What you must remember when considering all of the points above is that these are the isolated bad points, as I see them, of the industry over here, which ignores the things it does right for convenience sake. It’s not all doom and gloom, but there certainly are some dark clouds around. I will try to compose a post at a later date listing the things I think it does right. It may possibly be a much shorter entry but forcing myself to come up with some items will hopefully be as interesting for you to read as it is important for me to regain some perspective.


  1. Do companies such as Nintendo and Square Enix that seem to have their shit together also have the poor management, low pay, and other problems you describe or are your experiences coming more from the nudie mahjong and horse racing sector?

  2. Squeenix and Nintendo are touted to have much better working conditions than the avarage developer, but their salaries are still well below the western standards.
    It is said Squeenix in particular is the last stop for developers before they leave the industry, as the pay is alright and the hours okay; any subsequent company would be a massive step down.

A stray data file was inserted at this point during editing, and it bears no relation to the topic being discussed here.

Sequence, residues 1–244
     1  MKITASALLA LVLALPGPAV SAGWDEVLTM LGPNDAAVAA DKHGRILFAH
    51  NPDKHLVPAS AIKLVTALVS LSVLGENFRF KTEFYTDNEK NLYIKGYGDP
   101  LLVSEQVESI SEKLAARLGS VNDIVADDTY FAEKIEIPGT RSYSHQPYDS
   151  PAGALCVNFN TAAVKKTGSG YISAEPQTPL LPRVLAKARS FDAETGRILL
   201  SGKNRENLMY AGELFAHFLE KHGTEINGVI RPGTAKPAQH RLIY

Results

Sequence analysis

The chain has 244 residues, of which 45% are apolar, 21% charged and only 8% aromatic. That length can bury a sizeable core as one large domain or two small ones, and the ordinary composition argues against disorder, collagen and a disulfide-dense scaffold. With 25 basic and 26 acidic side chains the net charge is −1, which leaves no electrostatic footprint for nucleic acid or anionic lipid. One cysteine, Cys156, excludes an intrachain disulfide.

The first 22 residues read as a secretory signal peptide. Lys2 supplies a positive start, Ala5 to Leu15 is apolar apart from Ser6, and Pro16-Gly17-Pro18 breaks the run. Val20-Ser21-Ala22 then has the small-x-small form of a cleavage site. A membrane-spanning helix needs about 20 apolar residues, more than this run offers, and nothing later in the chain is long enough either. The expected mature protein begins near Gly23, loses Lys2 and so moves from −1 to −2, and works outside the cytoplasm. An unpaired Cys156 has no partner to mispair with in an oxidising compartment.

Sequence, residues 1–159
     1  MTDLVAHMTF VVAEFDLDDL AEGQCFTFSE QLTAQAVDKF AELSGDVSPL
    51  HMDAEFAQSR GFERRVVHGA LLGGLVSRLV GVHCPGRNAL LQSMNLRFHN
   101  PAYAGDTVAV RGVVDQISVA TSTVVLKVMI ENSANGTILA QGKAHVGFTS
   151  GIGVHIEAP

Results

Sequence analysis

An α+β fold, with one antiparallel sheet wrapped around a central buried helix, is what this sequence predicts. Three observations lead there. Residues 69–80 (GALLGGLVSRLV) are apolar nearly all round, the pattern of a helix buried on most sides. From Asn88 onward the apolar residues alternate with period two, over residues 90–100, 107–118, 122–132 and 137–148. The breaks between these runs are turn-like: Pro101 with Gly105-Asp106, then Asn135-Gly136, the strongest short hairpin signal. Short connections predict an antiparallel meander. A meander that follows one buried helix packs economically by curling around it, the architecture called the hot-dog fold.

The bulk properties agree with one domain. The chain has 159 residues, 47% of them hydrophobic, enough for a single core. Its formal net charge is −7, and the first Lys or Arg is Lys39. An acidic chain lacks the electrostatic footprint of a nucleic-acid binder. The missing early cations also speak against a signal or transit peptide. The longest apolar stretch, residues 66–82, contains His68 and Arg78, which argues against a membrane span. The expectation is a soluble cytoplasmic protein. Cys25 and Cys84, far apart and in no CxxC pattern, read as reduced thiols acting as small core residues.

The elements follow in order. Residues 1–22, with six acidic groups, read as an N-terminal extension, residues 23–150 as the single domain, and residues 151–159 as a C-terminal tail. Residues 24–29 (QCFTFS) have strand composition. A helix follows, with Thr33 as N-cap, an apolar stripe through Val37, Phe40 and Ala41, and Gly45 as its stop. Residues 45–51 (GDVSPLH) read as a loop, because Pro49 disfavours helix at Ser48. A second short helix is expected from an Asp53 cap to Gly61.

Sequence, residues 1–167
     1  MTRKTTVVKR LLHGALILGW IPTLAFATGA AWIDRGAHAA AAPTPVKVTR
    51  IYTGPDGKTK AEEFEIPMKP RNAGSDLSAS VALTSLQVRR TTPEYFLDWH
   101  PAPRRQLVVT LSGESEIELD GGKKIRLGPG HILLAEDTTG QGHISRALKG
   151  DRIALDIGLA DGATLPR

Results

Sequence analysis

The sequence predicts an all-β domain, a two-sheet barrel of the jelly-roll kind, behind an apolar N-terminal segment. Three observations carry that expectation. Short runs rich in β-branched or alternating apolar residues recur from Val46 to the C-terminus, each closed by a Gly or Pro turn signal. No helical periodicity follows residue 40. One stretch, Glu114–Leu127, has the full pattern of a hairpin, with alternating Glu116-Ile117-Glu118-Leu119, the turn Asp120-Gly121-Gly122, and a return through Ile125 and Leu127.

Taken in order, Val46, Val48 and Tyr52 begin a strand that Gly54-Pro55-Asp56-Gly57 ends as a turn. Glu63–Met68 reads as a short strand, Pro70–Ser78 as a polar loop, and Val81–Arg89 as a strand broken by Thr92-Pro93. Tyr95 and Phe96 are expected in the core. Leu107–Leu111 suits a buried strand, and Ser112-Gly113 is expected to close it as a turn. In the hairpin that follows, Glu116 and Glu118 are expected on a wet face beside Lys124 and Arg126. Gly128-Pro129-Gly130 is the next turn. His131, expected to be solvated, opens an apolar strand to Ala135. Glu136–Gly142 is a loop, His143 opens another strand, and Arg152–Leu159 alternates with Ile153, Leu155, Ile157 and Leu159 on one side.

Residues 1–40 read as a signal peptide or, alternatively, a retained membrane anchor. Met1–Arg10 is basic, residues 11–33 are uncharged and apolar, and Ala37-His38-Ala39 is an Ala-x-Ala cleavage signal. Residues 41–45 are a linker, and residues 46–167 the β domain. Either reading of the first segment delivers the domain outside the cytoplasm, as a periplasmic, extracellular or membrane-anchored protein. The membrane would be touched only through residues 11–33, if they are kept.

I can only imagine with horror what the world of mahjongg hentai games would be like. :)

  3. Have you read neomarxisme blog? I remember reading once that he said the video game industry in japan is overworked and underpaid. I don't why but I suddenly thought of you when I read it.

  4. I've never heard of the chap nor read his blog but "overworked and underpaid" sums it up eloquently!

  5. I'm not completely sure how this post is describing Japan alone... this sounds par for the course the world over.

    ...I don't meant to sound consigned to the current climate, either. I just hope that the industry has enough growing up left to do that things can get better.

  6. Good read - it seems that there are some universal sicknesses in the game industry. :)

  7. SqueEnix contracts out most of their stuff. I looked at their listings and most are for keiyaku-sha-in or contract workers. I've done the contract job route and the lack of security associated with it is a huge soul drainer.

    If it makes you feel any better, America has each and every one of those ills you described with less US Devs shoving out a porn title for a quick buck.

    I was given a figure that game jobs in the USA pay about 20-40% below "mainstream software jobs" on average.

    Job turnover in America goes faster than flipping takoyaki at a yatai. I've been interviewing people and one guy was in the industry 12 years. He's had over 20 jobs. Sure, this includes a sizable chunk of 3-month-contract QA tester jobs(yes, they do get that short, I've had one.)

    As always, thanks for the fun read.